It’s a big, wide world out there, with lots to see and do, but not all of it can be reached via paved highways. The urge to explore has motivated humans for centuries and, even in our highly developed world, there are remote places left undisturbed. But how can you get there for some R&R, and then back to the rat race, inside of your little sliver of time off? The answer lies with “overlanding.

”Though the term isn’t new, in its current use, overlanding describes the growing trend of off-road exploration with motor vehicles where roads, trails, camping grounds, and any other developed facilities are not anticipated. Enthusiasts of this pursuit will tell you it’s all about self-reliance. When you head out into the boonies for an overland excursion, the expectation is that there will be no amenities to rely on where you’re headed. No place to plug in, no drinking water, no place to stock up on supplies—all necessities and provisions must come along for the ride

Our overlanding truck project began with an idea and one of Ford’s Godzilla 7.3-liter V-8 crate engines, but soon snared a subject: A 1997 Ford F-250 four-door 4×4 pickup. KTL Restorations in Danville, Virginia, is handling the build. Photo by Magnified Productions.

An overlanding vehicle needs to be able to traverse highways both legally and in relative comfort, yet it must also be ready to divert to untamed country at a moment’s notice. The suspension and powertrain must be capable of getting through rough terrain, and the vehicle must also provide suitable shelter, with accommodations for sleeping, preparing meals, and whatever else might be needed for extended stays off the grid. Part of what separates overlanding from other forms of camping is that there is no camper—no trailer or RV—just the vehicle you drove in. While many off-roaders set up a camp, overlanders typically use their rigs as the campsite—tents are often mounted to the vehicle, as is much of the needed gear. Setting up and breaking down a camp isn’t conducive to covering a lot of ground—overlanders tend to keep moving during their treks, rather than staying in one spot for several days. Overall, an overlanding vehicle is a versatile, nimble rig that is ready to roll on short notice.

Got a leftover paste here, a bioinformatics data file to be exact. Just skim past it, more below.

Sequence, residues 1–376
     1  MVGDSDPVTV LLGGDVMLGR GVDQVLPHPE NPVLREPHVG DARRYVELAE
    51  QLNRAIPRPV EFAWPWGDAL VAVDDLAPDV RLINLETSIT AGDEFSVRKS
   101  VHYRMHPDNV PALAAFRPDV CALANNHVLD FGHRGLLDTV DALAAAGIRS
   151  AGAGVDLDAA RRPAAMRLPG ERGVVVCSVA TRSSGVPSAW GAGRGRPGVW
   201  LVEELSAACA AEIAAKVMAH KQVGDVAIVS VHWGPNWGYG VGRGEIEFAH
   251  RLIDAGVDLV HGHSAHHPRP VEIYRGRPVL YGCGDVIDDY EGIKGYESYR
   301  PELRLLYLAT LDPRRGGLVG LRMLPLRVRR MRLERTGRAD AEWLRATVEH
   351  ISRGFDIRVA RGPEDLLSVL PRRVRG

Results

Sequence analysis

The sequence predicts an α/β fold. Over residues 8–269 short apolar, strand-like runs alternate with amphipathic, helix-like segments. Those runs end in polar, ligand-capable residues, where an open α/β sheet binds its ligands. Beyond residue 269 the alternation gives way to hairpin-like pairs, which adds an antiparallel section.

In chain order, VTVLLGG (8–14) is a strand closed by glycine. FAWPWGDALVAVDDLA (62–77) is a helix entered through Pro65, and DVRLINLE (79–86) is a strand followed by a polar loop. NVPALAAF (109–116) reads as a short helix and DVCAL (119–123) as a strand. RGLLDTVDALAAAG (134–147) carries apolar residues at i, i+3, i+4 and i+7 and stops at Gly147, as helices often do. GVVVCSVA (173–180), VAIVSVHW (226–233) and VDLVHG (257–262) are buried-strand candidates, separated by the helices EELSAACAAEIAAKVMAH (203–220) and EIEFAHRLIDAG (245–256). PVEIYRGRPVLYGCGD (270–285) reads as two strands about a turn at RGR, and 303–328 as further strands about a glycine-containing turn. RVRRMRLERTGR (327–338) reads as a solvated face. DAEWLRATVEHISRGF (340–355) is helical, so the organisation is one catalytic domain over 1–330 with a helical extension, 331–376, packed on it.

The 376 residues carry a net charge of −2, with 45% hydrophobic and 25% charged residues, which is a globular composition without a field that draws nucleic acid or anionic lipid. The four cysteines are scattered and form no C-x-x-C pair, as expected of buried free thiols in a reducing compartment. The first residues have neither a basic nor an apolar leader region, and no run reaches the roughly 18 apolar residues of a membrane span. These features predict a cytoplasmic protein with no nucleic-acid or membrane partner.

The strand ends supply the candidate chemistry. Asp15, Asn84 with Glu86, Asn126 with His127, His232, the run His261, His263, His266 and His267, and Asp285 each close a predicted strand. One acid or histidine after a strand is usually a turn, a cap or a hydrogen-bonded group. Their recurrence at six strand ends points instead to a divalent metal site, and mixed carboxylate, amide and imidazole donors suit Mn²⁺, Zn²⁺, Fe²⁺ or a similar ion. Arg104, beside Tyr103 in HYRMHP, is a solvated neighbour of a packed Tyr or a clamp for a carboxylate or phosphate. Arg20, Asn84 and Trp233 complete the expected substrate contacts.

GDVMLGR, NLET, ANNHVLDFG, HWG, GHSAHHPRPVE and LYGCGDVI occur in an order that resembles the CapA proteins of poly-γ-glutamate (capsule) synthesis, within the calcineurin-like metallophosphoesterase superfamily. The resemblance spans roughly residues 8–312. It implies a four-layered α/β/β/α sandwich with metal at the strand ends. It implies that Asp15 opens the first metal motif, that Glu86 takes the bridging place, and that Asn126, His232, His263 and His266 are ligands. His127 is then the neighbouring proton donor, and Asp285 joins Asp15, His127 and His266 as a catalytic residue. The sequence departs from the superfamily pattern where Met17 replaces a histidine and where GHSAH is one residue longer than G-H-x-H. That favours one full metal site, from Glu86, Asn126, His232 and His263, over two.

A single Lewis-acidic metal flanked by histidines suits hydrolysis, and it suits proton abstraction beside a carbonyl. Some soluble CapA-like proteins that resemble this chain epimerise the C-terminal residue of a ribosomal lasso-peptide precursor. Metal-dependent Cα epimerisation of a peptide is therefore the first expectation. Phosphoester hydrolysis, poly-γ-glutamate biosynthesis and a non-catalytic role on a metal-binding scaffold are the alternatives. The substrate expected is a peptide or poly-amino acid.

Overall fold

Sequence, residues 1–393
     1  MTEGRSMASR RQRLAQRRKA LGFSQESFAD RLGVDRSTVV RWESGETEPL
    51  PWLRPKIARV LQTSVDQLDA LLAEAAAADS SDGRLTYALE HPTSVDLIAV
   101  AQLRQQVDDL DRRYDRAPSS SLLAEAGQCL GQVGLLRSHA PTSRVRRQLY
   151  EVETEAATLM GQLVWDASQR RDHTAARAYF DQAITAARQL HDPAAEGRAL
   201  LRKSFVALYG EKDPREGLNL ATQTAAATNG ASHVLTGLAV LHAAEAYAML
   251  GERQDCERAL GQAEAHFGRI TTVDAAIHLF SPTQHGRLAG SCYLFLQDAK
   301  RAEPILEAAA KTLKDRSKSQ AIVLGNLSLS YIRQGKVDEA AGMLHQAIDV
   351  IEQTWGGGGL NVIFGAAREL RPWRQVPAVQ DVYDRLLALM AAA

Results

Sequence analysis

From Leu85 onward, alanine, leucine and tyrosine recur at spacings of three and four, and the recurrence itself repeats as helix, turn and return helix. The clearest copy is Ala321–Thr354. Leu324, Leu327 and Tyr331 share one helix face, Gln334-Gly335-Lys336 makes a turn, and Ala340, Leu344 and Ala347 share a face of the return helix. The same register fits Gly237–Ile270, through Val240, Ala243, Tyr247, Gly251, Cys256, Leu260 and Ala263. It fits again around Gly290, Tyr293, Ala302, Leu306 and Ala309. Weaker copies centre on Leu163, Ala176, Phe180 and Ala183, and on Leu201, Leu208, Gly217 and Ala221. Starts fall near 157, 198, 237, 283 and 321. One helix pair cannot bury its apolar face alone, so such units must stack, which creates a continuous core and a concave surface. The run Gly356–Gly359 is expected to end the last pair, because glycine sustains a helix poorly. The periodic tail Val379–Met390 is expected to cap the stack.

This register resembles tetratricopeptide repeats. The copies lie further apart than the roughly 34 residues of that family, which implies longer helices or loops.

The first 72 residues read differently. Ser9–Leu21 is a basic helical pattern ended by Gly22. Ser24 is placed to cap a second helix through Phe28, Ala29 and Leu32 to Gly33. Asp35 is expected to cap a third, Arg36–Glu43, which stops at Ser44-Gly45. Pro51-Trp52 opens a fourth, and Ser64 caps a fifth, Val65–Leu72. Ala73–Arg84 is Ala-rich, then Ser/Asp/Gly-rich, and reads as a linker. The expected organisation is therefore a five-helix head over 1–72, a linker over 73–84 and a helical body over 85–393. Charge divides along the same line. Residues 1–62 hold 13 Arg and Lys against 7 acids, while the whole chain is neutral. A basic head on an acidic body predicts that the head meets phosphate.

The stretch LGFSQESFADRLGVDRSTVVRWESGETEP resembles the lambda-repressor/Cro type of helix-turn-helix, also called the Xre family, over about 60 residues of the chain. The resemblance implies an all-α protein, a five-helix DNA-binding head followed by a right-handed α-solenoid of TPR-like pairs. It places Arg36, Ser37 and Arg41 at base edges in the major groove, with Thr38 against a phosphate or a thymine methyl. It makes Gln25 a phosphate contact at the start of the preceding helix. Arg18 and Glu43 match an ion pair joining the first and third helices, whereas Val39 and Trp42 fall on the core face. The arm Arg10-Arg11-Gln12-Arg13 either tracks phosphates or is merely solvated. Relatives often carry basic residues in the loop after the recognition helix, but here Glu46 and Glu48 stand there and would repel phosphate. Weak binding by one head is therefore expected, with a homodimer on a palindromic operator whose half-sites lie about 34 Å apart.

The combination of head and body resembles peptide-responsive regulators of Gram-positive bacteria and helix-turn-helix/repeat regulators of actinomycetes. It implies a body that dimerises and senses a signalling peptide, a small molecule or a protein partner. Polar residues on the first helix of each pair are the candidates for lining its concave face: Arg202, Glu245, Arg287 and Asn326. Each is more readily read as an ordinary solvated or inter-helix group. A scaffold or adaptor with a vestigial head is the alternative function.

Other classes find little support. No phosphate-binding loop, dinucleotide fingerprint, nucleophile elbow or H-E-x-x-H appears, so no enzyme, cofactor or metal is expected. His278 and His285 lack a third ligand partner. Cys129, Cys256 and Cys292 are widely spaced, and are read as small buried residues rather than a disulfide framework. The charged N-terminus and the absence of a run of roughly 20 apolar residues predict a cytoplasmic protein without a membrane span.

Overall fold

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Project Artemis is go! Introducing our Ford F-Series Overland build – @Hemmings


Here comes the Hemmings venture into the world of Overlanding! Wikipedia describes it as “self-reliant overland travel to remote destinations where the journey is the principal goal.” Yeah. So, like, what we already do with cars but now with less pavement. We partnered with Ford Performance and KTL Restorations to reimagine a classic truck as the ultimate Overlanding rig that’s as much fun as it is accessible. We combined the monstrous power of Ford’s new 7.3 liter Godzilla crate motor with the timeless good looks of the 9th-gen F-Series, kitted with the latest overlanding gear and a perfect set of custom wheels and earth-trekking rubber.

And we’re about to take you on that journey, the way that only Hemmings could. Project Artemis is go! And if you’re wondering, we named it after the Greek goddess of the wilderness, which seems appropriate. Stand tuned for more articles and videos that tell the story of bringing this truck to life. And if you want to see it in person, we’re targeting the Overland Expo East and 2021 SEMA shows as the first public appearance

We’re well into 2021 – the year after a very strange one. And what have we learned? Well, among other new skills like customizing the background for all our videoconference meetings and learning the Renegade, we figured out how to reinvent travel and get outside in the midst of a global pandemic.